Updated Red-List: 192 birds are Critically-Endangered
(05/14/2009) In this year’s updated IUCN Red List on birds, six species were down-listed from Critically Endangered to Endangered, but eight species were up-listed to Critically Endangered, leading to the highest number of Critically Endangered birds ever on the list. In all 1,227 bird species (12 percent) are currently considered threatened with global extinction.
Approximately 200 new frogs discovered in Madagascar threatened by political instability
(05/11/2009) Amid the amphibian extinction crisis—where amphibians worldwide are disappearing due to habitat loss, pollution, and a devastating fungal epidemic—the Spanish Scientific Research Council (CSIC) has announced some good news. In a survey of the island-nation of Madagascar they have identified between 129 and 221 new species of frogs. The discovery of so many new species nearly doubles the island’s total number of frogs.
DNA testing finds identical animals actually different species
(04/23/2009) Seemingly identical animals on the outside may in fact be completely different species, according to scientists who have made a startling discovery that could have widespread implications for biology.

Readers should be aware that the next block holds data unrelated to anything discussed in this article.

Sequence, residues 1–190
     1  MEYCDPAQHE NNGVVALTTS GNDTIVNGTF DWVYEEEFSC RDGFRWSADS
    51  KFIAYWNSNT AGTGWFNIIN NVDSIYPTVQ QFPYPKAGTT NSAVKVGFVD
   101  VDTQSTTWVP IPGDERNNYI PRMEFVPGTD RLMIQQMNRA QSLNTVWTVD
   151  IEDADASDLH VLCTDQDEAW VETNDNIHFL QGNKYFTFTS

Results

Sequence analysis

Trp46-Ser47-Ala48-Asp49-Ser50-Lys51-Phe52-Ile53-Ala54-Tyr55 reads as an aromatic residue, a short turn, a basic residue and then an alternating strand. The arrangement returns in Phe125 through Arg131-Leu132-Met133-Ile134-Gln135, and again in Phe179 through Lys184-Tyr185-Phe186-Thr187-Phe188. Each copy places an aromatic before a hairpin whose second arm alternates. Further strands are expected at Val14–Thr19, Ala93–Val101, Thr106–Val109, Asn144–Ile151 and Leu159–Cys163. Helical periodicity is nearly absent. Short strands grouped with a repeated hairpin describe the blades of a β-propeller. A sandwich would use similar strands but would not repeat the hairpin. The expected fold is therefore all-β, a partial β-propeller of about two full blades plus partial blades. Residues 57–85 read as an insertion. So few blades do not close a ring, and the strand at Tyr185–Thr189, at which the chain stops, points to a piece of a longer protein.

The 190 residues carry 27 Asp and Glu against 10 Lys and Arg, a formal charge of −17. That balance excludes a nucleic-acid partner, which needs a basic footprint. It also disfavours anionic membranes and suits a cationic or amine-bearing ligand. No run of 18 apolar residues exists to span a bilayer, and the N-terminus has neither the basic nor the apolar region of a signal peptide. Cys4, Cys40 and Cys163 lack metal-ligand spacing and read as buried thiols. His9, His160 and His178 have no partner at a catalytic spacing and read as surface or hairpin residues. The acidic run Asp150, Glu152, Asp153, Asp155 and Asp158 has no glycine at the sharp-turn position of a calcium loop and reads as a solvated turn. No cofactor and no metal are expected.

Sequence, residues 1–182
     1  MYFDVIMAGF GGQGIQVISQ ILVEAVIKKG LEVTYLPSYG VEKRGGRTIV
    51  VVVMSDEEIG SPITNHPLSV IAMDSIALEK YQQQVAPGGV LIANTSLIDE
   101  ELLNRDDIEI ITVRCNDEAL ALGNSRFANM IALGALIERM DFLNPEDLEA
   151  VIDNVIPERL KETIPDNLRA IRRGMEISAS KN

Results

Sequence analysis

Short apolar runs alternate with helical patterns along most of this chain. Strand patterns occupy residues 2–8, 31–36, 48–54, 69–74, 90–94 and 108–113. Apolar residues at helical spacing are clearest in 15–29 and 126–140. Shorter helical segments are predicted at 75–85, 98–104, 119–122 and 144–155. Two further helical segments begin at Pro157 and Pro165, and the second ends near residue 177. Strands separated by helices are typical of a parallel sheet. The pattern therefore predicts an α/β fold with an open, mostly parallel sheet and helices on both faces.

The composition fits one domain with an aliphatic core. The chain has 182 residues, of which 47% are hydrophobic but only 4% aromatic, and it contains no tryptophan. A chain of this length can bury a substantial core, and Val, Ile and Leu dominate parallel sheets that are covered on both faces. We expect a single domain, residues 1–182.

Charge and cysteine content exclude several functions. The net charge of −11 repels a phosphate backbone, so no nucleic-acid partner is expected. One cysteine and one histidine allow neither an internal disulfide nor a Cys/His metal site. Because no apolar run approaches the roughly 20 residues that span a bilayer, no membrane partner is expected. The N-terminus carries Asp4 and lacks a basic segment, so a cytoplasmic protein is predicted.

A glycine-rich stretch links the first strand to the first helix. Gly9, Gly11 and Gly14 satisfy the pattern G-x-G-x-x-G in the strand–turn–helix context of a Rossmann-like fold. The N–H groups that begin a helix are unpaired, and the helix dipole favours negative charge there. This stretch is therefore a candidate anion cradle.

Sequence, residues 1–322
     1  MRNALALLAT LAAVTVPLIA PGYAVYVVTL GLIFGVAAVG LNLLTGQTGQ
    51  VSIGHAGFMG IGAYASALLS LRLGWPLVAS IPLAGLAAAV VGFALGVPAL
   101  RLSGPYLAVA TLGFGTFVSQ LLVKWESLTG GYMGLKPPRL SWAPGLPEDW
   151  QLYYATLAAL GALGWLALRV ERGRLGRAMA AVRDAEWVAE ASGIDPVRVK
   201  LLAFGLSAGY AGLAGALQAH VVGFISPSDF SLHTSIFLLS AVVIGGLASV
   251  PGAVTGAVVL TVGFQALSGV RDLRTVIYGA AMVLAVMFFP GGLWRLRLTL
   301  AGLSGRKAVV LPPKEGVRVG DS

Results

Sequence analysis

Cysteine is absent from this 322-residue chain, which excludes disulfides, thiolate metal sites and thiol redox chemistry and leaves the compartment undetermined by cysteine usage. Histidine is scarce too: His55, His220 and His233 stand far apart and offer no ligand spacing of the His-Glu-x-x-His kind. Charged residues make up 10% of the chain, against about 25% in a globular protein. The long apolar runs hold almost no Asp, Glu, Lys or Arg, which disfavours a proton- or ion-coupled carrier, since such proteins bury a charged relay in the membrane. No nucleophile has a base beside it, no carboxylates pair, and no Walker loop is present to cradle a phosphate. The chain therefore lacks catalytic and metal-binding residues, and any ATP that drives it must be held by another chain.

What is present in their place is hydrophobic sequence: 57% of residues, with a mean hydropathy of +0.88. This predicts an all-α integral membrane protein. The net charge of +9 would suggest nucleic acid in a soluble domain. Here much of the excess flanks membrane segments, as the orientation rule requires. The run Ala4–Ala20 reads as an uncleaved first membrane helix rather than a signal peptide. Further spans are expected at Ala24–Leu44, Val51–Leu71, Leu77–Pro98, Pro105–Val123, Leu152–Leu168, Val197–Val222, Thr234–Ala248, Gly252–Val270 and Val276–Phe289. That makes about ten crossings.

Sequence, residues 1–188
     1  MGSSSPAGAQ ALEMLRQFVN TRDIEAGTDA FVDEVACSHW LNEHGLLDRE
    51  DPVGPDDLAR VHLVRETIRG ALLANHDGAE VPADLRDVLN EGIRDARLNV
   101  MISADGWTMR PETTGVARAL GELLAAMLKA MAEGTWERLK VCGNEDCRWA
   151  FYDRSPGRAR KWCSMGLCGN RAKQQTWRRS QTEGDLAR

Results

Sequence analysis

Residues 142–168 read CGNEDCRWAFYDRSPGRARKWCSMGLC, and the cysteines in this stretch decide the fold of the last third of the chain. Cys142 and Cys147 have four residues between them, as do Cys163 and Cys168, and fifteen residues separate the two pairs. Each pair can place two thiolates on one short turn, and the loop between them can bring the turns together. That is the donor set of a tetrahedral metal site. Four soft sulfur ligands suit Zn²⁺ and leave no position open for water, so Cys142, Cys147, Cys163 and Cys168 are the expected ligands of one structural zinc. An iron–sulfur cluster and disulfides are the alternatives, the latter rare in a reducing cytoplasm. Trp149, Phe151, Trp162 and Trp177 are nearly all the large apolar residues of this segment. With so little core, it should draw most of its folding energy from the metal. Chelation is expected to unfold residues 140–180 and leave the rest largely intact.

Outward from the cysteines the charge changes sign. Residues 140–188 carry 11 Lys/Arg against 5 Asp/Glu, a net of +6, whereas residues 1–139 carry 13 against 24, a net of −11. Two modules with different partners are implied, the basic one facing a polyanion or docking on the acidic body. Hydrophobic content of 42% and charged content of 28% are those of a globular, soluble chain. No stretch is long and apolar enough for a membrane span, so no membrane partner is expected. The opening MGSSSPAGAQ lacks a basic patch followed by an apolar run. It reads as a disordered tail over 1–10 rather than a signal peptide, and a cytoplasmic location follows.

Expedition in Philippines uncovers one of the world’s rarest mammals along with possible new species
(04/21/2009) A two week expedition into the North Negros Natural Park (NNNP) in the Philippines has led to several discoveries. In the 80,454 hectare park (nearly 200,000 acres), the expedition found what may be new species of insects and plants, in addition to a frog likely unknown to science. They also discovered evidence of the Visayan spotted deer, considered to be the world’s rarest deer and one of the rarest mammals. The team discovered droppings from the deer, which will be analyzed for food content.
New chameleon species named after carbon conservation pioneer
(04/21/2009) A newly discovered species of chameleon from Tanzania has been named after Dorjee Sun, CEO of Carbon Conservation, an outfit which seeks to make rainforest conservation profitable through a carbon market mechanism known as REDD for Reducing Emissions from Deforestation and Degradation.
Extremophiles discovered below Antarctic glacier are remnants of marine life
(04/16/2009) Living in isolation for millions of years, cut off from sunlight and oxygen, surviving by breathing iron beneath an Antarctic glacier—such are the conditions of newly-discovered microbes living under Taylor Glacier in Antarctica’s desert-waste, the McMurdo Dry Valleys.
New lichen named after Obama
(04/15/2009) A California researcher has named a new species of lichen after President Barack Obama. Kerry Knudsen of the University of California-Riverside (UCR) named the lichen Caloplaca obamae.
New Australian dolphin spits at food
(04/13/2009) Only recognized as a new species in 2005, the snubfin dolphin has been observed spitting jet streams of water at schools of fish. Spitting at the fish helps the dolphins round them up into groups where they are easier to catch.